Iowa business and labor leaders say a new study shows it’s time to encourage more Iowans to live healthier lifestyles so they don’t wind up with chronic conditions like diabetes or high blood pressure. A study released Wednesday concluded Iowa businesses could have made 10-and-a-half billion more dollars in 2003 if their workers hadn’t been sickened by chronic diseases.
Andy Warren is state director for the National Federation of Independent Business."We have to change our society as a whole and develop this culture of being healthy," Warren says. Elliot Smith is executive director of the Iowa Business Council which represents 24 of the state’s largest employers. He says the research shows 25 percent of the health care costs in America can be attributed to conditions that could have been avoided through healthier living.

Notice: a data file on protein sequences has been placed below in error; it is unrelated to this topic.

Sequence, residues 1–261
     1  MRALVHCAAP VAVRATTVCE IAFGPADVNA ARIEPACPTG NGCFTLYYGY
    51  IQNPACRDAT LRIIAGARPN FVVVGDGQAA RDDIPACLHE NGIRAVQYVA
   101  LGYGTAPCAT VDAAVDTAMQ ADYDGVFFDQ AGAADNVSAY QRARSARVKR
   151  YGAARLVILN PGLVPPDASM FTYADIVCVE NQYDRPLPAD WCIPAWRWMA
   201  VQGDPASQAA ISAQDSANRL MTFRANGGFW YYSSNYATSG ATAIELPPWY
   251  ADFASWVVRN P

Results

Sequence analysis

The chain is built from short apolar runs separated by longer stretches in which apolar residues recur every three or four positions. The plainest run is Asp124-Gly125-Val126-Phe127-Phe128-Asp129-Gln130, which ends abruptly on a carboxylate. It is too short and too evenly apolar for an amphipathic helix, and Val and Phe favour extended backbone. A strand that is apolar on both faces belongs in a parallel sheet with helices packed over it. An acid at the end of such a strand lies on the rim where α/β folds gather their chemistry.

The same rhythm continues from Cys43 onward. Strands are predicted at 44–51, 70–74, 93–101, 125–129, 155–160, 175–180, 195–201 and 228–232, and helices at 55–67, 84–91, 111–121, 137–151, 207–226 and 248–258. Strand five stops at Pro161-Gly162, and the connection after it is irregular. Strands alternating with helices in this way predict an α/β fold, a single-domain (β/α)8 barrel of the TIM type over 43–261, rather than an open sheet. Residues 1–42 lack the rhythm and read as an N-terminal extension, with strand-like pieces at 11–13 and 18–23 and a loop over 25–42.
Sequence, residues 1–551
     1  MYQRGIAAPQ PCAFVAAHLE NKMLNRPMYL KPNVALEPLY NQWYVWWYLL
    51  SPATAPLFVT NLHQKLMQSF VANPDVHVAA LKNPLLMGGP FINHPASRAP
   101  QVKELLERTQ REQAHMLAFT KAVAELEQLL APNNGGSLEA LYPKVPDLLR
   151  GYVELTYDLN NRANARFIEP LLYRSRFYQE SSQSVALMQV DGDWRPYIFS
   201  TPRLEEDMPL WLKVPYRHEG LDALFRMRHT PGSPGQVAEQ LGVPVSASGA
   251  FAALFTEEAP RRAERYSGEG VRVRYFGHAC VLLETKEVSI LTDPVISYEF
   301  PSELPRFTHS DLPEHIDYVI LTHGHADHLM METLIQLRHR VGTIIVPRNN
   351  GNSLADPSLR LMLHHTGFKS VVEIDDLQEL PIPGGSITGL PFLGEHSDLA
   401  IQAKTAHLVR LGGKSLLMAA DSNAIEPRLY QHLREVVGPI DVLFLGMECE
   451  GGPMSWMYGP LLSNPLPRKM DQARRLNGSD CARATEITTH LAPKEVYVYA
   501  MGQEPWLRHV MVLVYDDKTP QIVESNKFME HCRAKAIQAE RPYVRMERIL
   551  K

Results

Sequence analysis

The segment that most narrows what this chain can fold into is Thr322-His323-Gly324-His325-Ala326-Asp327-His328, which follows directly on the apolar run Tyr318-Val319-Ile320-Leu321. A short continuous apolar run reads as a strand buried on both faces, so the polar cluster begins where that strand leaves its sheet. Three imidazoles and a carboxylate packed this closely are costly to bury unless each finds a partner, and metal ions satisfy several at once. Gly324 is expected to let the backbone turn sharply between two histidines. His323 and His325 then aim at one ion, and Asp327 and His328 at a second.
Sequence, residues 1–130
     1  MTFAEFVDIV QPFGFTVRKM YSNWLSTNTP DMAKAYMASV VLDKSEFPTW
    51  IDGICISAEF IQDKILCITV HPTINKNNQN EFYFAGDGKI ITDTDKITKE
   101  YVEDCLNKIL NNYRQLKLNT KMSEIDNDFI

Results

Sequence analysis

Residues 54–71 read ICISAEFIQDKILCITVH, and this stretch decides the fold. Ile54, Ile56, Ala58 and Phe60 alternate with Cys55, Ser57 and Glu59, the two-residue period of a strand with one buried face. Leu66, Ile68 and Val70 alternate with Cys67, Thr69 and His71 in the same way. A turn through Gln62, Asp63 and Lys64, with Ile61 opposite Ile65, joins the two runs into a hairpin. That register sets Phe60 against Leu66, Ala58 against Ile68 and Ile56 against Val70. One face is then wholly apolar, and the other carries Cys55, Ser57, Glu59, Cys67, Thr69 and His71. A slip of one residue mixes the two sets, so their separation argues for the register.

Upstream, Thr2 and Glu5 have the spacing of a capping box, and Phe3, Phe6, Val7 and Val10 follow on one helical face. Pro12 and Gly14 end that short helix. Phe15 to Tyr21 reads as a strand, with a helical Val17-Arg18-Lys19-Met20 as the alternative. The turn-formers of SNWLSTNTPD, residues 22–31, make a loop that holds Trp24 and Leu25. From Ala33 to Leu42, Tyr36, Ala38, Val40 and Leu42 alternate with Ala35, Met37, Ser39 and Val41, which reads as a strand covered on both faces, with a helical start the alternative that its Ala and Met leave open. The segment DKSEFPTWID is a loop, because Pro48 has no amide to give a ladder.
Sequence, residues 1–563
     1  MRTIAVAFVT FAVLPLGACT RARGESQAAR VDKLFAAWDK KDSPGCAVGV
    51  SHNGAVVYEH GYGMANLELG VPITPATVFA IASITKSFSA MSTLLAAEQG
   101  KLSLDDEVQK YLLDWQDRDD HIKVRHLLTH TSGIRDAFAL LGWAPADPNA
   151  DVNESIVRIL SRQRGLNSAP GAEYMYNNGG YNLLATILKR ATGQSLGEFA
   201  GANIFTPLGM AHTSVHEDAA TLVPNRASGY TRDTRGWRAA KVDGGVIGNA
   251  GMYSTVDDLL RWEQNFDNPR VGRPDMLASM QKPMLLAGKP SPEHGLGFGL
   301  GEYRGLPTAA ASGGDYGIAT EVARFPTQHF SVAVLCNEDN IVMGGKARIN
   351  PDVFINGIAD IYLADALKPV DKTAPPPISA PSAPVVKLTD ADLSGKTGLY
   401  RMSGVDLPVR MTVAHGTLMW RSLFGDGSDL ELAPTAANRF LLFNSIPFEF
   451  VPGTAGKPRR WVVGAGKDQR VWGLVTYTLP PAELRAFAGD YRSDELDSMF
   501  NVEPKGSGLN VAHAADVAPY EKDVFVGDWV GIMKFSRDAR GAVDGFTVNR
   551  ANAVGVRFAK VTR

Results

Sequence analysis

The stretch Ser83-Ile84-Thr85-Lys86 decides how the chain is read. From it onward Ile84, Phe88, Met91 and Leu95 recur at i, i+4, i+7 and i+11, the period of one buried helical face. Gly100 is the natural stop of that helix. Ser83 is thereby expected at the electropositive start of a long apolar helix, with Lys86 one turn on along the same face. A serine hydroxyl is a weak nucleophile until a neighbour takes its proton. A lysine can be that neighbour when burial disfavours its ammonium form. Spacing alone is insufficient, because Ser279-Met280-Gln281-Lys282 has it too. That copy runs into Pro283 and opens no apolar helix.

"Extra costs always pose a threat to competitiveness," Smith says. "The recognition is that innovative and sustainable employee wellness programs that encourage broad-based participation are certainly a critical factor in controlling escalating health care costs."
Marcia Nichols, a spokeswoman for the American Federation of State, County and Municipal Employees union, says management and labor are on the same page on this issue. "When everybody’s well, everybody profits," she says. These Iowa business and labor leaders are part of The Partnership to Fight Chronic Disease, a group that seeks to raise awareness of the costs associated with chronic but sometimes avoidable chronic diseases.